Baltimore, MD – The U.S. Marshals Service is launching its first community oriented policing unit in the District of Maryland. Silver Shield is an interagency coalition consisting of deputies, criminal investigators, and local law enforcement professionals tasked with implementing national Sex Offender Investigations Branch initiatives at the District level.
On Dec. 18, 2014, President Barack Obama issued an Executive Order creating a task force on 21st century policing. This task force identified six key findings to include the need to change the culture of policing, embrace community policing, ensure fair and impartial policing, build community capital, improve officer wellness and safety, and leverage technology to improve efficiency and transparency. (Office of Community Oriented Policing Services, 2015).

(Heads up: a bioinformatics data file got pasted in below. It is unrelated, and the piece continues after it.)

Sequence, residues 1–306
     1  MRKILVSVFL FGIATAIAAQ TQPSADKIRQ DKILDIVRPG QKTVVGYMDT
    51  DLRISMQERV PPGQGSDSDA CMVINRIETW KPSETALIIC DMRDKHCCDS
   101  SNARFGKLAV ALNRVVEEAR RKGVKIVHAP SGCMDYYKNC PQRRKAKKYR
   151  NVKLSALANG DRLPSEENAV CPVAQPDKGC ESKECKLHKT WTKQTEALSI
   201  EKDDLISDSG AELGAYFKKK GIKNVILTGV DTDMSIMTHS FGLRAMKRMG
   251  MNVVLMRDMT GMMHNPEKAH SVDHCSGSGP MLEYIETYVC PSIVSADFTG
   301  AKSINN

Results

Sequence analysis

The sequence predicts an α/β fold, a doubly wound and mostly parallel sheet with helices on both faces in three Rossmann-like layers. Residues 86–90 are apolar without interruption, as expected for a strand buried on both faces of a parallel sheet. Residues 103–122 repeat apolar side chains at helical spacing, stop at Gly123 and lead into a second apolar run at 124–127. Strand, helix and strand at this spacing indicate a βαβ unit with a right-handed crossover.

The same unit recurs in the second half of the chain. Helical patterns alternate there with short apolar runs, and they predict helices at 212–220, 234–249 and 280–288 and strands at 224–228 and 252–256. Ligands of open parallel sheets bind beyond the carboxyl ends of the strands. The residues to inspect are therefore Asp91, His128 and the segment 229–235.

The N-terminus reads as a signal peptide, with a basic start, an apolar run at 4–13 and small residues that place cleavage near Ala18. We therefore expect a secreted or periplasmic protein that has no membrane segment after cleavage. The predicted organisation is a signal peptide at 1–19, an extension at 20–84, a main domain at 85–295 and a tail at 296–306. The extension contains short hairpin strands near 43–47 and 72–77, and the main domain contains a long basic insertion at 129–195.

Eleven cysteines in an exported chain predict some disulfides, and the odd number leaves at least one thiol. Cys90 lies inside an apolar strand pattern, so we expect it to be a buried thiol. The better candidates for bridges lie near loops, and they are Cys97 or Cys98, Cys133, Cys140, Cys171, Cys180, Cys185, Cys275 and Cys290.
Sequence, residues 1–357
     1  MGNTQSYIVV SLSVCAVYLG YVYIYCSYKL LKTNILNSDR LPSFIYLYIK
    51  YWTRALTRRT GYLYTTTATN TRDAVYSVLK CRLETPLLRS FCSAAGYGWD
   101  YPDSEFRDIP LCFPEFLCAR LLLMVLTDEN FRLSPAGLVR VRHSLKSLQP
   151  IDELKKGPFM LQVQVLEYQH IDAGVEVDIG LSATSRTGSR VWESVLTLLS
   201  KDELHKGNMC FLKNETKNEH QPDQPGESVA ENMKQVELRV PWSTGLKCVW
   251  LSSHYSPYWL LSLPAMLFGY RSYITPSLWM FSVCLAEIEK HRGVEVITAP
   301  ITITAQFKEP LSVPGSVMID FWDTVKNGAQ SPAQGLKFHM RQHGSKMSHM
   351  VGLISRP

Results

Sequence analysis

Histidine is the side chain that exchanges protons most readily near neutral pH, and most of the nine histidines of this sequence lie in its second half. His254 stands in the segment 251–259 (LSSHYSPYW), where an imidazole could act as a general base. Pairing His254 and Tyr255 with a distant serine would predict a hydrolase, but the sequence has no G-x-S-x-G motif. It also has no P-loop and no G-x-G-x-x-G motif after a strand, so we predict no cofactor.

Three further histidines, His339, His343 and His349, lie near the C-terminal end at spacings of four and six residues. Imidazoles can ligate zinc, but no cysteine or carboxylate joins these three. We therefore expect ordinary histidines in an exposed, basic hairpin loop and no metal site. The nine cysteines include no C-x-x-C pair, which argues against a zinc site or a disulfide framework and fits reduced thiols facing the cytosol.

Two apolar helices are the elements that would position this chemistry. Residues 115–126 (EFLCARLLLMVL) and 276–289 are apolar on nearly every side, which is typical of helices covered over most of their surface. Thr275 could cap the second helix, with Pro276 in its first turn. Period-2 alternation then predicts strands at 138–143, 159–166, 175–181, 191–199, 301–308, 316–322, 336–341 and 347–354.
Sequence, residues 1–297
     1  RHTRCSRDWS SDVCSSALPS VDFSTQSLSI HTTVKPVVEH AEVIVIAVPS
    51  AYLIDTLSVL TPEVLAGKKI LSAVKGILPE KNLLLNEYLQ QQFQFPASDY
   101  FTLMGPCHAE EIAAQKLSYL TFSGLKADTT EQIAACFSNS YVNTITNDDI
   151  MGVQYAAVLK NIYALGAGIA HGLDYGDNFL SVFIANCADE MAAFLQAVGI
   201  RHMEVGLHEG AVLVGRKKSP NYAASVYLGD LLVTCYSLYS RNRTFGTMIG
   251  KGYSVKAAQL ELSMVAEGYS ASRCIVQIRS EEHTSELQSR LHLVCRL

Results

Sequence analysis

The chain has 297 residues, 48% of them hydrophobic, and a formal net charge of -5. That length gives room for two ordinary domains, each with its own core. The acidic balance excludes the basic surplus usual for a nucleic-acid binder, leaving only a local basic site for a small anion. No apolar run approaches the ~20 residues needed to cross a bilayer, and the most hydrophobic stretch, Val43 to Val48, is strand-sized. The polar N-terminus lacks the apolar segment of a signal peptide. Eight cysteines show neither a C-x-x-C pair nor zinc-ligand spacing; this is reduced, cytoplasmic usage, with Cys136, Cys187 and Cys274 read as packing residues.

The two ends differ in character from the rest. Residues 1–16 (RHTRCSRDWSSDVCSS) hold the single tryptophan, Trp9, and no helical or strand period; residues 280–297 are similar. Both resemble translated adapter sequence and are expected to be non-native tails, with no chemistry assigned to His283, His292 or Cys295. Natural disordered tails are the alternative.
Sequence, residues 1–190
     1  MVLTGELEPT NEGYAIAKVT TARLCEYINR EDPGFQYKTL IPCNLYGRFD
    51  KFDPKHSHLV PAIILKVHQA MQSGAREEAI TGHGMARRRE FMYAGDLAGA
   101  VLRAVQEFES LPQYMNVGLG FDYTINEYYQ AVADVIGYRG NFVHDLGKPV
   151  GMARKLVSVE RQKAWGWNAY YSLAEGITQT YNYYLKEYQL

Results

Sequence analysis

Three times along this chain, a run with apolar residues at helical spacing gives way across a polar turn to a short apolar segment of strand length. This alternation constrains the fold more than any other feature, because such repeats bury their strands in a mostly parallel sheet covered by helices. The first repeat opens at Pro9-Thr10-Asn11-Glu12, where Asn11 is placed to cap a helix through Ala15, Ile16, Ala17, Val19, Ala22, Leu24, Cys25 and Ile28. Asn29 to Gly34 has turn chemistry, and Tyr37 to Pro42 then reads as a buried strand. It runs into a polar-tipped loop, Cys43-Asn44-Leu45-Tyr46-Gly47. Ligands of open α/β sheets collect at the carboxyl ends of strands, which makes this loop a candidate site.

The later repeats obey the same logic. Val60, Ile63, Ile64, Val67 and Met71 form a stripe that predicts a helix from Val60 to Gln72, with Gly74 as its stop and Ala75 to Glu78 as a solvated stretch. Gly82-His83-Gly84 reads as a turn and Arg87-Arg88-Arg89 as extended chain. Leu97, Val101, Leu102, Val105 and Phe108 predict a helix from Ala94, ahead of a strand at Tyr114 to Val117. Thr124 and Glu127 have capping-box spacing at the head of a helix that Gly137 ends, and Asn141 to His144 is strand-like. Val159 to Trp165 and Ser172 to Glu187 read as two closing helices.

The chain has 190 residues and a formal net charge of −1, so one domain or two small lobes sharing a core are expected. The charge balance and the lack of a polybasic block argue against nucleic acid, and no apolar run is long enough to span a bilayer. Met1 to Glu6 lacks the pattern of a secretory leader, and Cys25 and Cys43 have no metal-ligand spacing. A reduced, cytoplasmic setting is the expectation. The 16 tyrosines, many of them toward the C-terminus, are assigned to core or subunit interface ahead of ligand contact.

Silver Shield was designed to enhance protection of the public by collaborating with federal, state, and local partners to synergize the investigation of fugitive matters, capture non-compliant/wanted sex offenders, and recover missing and endangered children. Creators of the Silver Shield initiative believe it will position the service to serve as the national model for interagency-community collaboration.
"The calls for law enforcement reform cannot go unanswered," said Johnny L. Hughes, U.S. Marshal for the District of Maryland. "That's why I am so proud of our deputies, because this was their idea. We created Silver Shield to let the American people know we hear them loud and clear."
District Chief Deputy U.S. Marshal Mathew N. Silverman added, "I have always been a huge proponent of community-oriented policing. While the U.S. Marshals Service is well known for being the enforcement arm of the federal court system, the Silver Shield program was established to strengthen our bond with the community and emphasize our role as guardians of the republic."
Working in collaboration with the Capital Area Regional Fugitive Task Force and the U.S Attorney’s Office for the District of Maryland, the U.S. Marshals expect to conduct joint sex offender and/or missing child operations on a quarterly basis. The U.S. Marshals hope to expand the unit by working with special deputized task force officers and other local law enforcement partners on an ad hoc basis.